Gisha, an Israeli not-for-profit organization with a goal of protecting the freedom Palestinians to move freely around Gaza and the West Bank, has created an online game designed to call attention to the impact restrictions of movement are having on commerce and families in the area.
SafePassage offers three different scenarios to play: a Gaza businessman looking to sell his wares in the West Bank; a young Gaza woman who wants to study in the West Bank or the married father of a seven-year old who used to live in the West bank, but was moved to Gaza by Israeli authorities and forced to leave his family behind.
As the game unfolds, real documents pop up to illustrate the case against your player. In the case of the married father, upon being removed to Gaza, a document appears which states (PDF) that “Family ties are not considered a humanitarian reason which justifies the unification of families,” which is taken from Article 3 of the Office of the Coordinator of Government Activities.
Gisha’s Director Sari Bashi, said about the game in a MediaLine piece:
We chose animation to encourage people to put themselves in the shoes of ordinary Palestinians, to help viewers understand how the restrictions affect people they can identify with. A cartoon character can help people overcome stereotypes and see the humanity in the real people.
Once the game ends, never happily we might add, players are urged to take action in the form of a letter, which expresses "concern over the ongoing violation of the rights of Palestinian residents of the Gaza Strip." Activists are urged to send the letter to their own elected representative, no matter what country they reside in.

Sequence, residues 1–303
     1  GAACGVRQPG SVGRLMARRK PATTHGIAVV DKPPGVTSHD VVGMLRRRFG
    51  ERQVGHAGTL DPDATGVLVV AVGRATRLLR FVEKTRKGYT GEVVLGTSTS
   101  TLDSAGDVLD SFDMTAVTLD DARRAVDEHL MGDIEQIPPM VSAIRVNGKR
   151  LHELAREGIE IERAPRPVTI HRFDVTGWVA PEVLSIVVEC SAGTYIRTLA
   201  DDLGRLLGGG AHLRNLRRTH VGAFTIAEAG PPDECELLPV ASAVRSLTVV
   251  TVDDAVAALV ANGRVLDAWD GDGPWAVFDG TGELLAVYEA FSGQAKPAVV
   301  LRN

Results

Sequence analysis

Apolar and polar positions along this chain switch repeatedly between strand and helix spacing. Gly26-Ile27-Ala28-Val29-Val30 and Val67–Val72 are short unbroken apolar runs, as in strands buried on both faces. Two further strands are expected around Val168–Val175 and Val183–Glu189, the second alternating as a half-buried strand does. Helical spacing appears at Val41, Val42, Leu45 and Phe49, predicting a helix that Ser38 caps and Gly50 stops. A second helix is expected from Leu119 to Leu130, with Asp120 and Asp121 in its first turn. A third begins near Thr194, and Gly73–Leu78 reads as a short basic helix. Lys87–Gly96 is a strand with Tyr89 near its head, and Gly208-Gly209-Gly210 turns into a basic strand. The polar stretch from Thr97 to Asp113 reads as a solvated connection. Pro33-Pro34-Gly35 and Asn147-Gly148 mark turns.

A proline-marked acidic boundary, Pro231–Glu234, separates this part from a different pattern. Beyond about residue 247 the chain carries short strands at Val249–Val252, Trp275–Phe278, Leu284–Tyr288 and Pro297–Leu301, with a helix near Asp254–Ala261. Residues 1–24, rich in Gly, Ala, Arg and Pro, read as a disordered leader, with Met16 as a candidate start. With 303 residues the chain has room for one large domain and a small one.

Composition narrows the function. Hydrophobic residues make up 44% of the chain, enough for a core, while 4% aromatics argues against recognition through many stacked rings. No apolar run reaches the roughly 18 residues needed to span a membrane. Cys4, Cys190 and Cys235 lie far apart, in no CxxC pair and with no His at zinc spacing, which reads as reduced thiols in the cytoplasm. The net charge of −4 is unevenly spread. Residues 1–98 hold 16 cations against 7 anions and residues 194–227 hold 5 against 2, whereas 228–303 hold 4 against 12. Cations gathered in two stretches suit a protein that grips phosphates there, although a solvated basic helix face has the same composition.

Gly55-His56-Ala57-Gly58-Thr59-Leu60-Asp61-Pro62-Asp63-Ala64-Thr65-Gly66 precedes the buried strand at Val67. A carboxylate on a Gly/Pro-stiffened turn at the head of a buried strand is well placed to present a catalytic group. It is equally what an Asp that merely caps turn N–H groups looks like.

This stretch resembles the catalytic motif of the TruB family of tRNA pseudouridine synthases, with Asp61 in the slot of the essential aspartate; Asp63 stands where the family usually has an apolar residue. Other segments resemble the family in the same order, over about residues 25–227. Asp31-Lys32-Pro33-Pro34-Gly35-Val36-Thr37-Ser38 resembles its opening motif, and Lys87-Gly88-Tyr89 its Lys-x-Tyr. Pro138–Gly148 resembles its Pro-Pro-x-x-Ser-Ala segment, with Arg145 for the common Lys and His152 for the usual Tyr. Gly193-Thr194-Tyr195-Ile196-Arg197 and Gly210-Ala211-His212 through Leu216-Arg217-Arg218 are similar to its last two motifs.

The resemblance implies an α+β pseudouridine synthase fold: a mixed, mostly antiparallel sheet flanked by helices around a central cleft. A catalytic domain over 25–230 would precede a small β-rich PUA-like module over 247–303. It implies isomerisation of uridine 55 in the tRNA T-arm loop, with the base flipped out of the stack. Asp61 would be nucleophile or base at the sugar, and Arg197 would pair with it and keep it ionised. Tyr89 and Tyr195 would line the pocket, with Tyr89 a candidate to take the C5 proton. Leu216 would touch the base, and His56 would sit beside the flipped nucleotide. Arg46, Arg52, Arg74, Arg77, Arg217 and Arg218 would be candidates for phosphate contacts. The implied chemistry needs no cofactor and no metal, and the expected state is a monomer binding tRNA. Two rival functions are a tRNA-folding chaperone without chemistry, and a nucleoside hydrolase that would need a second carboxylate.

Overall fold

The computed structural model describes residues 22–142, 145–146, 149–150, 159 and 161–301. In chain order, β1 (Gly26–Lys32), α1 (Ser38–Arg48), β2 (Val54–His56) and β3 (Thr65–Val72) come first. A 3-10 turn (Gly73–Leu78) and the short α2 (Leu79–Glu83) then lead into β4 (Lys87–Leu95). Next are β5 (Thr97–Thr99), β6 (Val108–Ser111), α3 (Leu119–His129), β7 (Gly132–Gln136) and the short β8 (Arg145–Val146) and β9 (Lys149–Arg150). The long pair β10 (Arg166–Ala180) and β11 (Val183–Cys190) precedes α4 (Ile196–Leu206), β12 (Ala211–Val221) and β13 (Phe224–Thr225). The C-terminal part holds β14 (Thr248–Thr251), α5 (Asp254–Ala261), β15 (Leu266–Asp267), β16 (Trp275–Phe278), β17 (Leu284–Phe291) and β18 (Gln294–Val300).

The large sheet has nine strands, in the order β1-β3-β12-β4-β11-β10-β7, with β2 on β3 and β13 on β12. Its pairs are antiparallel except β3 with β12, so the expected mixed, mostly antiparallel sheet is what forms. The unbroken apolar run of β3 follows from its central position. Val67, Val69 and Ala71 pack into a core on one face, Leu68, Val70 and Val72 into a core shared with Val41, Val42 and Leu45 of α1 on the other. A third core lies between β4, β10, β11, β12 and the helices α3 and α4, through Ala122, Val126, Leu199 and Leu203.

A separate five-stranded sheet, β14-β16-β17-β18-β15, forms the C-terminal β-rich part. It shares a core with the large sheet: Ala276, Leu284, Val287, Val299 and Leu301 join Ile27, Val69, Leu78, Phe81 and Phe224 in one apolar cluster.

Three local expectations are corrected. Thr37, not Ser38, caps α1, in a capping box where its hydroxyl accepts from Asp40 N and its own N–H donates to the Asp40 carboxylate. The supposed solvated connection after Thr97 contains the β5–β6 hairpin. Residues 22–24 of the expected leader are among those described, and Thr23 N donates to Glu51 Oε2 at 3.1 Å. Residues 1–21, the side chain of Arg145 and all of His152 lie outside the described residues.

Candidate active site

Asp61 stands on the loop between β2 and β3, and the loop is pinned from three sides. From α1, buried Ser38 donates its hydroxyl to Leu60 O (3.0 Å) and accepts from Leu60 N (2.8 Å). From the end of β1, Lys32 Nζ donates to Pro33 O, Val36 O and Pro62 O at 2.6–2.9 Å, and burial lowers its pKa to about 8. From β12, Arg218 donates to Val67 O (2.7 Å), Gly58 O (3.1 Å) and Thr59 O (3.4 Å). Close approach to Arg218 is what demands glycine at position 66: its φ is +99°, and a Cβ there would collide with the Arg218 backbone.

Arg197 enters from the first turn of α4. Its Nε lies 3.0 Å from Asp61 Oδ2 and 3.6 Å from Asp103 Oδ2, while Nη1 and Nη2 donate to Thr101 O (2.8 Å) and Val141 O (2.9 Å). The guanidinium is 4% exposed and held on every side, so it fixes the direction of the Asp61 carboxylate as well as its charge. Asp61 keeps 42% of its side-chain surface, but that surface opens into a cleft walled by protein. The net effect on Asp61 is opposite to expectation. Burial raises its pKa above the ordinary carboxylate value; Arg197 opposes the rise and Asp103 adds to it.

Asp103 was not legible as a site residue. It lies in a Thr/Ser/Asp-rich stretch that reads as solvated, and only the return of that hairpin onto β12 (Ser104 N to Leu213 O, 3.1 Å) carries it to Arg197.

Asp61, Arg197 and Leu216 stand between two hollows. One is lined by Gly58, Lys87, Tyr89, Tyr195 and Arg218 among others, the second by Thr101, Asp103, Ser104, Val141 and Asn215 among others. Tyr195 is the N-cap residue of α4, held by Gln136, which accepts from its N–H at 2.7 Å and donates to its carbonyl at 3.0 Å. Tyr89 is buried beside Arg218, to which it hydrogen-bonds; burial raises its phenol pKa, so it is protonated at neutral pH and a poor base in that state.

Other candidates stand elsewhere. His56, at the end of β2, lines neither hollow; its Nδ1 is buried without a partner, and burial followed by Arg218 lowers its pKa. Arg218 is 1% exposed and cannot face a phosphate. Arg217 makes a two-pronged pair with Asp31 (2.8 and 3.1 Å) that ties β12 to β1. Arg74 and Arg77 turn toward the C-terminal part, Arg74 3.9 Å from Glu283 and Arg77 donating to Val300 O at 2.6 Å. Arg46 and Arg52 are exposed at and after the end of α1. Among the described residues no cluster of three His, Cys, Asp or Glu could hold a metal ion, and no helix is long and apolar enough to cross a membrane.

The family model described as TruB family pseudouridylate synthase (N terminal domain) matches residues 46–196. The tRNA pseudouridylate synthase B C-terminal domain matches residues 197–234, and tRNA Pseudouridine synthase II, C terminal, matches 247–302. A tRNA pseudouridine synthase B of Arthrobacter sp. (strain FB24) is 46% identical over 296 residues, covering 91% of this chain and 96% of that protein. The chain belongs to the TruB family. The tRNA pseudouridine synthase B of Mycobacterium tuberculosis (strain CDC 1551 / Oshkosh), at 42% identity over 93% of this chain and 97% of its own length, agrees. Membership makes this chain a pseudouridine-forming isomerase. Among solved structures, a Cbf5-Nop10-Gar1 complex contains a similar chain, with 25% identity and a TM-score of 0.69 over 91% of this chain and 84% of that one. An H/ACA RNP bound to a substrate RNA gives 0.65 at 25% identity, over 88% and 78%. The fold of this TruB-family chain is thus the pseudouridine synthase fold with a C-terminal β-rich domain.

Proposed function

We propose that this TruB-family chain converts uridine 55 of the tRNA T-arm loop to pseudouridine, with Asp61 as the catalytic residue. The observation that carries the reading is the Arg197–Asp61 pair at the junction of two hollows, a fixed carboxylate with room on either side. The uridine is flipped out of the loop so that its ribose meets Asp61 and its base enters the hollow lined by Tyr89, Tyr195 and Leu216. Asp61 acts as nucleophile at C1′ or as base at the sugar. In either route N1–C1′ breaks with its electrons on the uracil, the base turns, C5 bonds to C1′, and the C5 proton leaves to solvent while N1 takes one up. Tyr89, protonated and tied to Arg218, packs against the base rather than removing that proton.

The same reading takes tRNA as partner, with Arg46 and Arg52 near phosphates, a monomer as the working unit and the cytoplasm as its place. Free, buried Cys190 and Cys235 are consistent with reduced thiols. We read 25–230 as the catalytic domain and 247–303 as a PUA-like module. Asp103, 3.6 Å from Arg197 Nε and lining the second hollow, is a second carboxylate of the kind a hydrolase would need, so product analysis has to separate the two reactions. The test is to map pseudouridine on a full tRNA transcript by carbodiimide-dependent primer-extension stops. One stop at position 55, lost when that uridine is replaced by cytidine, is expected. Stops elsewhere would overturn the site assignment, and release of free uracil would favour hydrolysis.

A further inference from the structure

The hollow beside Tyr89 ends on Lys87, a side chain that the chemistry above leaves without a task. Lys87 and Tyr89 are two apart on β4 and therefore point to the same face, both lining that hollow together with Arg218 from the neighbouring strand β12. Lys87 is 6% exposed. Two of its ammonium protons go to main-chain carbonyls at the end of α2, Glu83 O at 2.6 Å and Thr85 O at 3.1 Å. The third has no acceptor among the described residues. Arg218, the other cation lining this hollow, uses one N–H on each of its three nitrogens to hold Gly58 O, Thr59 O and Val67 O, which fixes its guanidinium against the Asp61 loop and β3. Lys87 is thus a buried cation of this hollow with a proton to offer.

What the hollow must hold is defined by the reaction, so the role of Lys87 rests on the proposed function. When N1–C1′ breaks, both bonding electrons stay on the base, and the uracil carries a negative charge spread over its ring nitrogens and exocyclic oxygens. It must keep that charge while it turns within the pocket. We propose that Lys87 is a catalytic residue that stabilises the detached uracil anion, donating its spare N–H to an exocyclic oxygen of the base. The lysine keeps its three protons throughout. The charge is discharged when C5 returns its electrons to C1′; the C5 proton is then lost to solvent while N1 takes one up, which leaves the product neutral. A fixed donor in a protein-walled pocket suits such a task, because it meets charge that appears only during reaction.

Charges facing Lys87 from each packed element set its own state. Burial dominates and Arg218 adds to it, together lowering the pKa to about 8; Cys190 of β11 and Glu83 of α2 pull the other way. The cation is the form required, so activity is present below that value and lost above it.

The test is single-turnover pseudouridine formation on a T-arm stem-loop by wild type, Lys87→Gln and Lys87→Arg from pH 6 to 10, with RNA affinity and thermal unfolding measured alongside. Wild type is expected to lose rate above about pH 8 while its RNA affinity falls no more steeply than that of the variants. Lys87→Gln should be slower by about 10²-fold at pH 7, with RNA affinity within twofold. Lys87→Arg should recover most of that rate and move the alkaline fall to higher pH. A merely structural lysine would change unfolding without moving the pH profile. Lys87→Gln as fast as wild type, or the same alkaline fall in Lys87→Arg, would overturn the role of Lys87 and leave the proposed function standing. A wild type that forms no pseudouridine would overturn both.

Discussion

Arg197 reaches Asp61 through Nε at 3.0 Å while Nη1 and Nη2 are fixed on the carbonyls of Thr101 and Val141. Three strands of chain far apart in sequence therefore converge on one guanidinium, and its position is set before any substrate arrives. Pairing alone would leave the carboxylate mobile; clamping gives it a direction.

Players are also encouraged to explore read about the real people being affected by the movement restrictions.
The game’s animator, Gilda Baker, described overcoming one challenge, how to make military documents accessible to the public, “Our solution was to integrate them into the personal stories of real people in the Gaza Strip and West Bank, to help people understand the policy."
Dr Noam Lemelstrich-Latar, Director of Israel’s Asper Institute for New Media Diplomacy at the Interdisciplinary Center Herzliya, called the game “very clever,” adding, “Israel is really lagging in its online cyber advocacy and I don’t know of a good game that has come out of the Israeli government.”